Candidates will be screened on the basis of the above criteria and shortlisted candidates will be invited for an interview.

G.  Timeframe and deliverables

The deliverables are expected to be completed by October 2024 with mid-term deliverables due in August 2024, in advance of the UN Summit of the Future where initial findings can be circulated for dissemination and discussion.

It is expected for the consultant to take between 35-46 days to complete this work.

The final deliverable is expected to include i) principles and taxonomy ii) investor guidance on how to meaningfully engage with young people in pipeline development, iii) case studies that exemplify YPF in practice iv) e-learning module on the principles and taxonomy, guidance and cases.

A communications team will support the editing and production of a final publication.

H. Reporting and feedback

This tender process is used to identify a technical finance consultant for phase 1A. A separate tender has been published to identify a youth and peace researcher for phase 1B. Both research teams are expected to collaborate and align closely together.

The tasks listed above are to be performed in an interactive and iterative process in collaboration and with support from the Finance for Peace, IPYP project team and IPYP youth coordinators, who will form the Steering Committee.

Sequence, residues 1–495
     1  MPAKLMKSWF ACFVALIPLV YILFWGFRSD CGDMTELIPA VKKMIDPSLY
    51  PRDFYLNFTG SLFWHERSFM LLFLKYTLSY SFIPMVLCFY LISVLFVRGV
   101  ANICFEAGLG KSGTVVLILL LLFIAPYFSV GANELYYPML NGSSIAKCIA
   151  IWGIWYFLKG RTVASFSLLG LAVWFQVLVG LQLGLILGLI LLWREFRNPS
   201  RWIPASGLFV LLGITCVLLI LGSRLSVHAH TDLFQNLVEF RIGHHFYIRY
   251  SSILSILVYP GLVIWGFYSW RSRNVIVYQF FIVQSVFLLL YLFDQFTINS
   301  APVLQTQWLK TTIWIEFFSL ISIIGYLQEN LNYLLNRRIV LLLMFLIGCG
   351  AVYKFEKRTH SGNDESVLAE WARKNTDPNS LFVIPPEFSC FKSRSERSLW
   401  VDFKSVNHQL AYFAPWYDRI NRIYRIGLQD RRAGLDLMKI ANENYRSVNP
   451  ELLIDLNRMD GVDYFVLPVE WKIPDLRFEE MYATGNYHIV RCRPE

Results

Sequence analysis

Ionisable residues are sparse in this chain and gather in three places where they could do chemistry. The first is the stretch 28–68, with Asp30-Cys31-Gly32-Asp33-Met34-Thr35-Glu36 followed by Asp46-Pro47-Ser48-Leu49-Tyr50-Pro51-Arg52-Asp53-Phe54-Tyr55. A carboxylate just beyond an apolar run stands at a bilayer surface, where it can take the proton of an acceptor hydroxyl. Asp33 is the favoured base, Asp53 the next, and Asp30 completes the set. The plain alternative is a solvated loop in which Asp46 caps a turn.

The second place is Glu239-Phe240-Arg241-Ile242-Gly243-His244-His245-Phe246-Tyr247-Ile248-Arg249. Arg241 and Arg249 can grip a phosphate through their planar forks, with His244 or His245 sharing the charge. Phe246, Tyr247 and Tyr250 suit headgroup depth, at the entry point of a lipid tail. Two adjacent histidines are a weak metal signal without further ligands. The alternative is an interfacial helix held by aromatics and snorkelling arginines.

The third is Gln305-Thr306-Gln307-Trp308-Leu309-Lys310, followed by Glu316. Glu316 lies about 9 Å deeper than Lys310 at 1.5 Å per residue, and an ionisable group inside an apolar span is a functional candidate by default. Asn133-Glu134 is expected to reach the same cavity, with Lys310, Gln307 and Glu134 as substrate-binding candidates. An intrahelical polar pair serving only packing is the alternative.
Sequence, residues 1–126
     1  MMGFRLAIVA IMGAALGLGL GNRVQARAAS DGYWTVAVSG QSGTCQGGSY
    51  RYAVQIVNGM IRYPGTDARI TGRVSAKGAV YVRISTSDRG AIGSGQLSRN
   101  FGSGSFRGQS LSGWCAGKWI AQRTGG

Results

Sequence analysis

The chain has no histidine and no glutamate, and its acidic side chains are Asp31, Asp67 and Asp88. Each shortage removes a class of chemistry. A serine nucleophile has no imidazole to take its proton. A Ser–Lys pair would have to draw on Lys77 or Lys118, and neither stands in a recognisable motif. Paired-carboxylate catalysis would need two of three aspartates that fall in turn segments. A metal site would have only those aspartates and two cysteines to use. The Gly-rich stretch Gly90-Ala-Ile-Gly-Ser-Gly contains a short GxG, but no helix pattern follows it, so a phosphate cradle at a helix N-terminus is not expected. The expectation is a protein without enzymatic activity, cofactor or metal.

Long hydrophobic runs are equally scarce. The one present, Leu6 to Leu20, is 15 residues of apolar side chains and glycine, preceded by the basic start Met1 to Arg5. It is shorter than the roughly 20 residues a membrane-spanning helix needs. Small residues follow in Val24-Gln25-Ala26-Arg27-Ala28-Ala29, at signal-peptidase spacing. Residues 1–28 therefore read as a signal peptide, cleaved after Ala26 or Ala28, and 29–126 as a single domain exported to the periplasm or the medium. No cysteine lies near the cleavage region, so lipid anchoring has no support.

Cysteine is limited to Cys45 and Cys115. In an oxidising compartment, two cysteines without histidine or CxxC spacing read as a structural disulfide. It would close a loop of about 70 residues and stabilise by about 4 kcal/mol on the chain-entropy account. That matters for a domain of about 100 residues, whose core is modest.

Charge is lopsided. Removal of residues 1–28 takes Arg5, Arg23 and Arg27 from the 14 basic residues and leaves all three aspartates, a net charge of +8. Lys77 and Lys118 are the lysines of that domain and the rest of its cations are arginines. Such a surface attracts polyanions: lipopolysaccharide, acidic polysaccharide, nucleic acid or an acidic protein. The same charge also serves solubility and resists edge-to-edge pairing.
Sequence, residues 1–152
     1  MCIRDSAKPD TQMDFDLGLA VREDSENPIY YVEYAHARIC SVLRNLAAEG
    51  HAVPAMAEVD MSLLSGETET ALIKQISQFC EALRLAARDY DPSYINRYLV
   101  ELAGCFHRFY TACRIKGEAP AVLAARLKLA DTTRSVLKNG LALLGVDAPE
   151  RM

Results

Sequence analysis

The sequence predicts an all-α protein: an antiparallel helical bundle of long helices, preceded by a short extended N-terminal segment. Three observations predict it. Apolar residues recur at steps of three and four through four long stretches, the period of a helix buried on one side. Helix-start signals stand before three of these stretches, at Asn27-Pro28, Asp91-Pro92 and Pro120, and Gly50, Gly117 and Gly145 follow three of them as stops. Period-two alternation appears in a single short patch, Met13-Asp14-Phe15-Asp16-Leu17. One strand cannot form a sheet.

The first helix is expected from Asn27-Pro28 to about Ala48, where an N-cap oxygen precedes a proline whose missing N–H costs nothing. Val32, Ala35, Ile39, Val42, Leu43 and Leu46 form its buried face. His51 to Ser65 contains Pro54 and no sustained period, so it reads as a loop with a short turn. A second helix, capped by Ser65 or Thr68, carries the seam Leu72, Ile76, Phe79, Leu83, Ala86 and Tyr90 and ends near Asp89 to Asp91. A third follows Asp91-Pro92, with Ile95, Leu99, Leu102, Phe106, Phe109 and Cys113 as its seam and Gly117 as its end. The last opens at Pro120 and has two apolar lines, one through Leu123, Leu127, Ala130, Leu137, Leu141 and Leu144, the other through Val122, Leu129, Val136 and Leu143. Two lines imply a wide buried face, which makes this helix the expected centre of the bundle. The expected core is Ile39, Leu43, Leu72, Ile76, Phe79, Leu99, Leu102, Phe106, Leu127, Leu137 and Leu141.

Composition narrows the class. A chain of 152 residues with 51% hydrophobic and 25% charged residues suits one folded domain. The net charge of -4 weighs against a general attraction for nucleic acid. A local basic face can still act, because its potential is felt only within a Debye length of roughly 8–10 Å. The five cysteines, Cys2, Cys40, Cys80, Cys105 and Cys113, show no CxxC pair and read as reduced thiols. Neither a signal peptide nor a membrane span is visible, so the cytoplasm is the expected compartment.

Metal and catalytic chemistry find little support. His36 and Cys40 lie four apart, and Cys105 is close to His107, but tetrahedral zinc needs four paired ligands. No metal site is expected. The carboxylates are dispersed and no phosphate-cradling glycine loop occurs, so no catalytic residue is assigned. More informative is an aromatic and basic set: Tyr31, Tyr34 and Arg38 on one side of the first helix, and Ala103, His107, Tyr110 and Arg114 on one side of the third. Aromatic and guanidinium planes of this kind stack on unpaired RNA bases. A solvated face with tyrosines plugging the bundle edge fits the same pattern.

The consultant(s) will report to the Head of Standards of the Finance for Peace initiative.

I.  Budget

In responding to this tender, candidate(s) should include the projected budget for the work.   

J.  How to apply

We welcome qualified consultants of diverse origins and backgrounds to submit their application via info@financeforpeace.org no later than end of day 19 June 2024, consisting of the following:

  1. A proposal on how you would undertake this study, including a project plan and timeline of  tasks. The above scope of work should be used as guidance and ideas are welcomed on how you would propose the outcomes of the work are achieved.
  2. A CV that demonstrates relevant experience.

The below annex provides background information on the draft principles and taxonomy and scope of work for phase 1A

Annex 1: Draft YPF guidance

The draft guidance below has been developed by F4P, the IPYP project team and is undergoing consultation with IPYP youth coordinators. The guidance is expected to emerge from the study and from youth leadership and is therefore set up here to provide direction, but should be adapted as findings from the study emerge.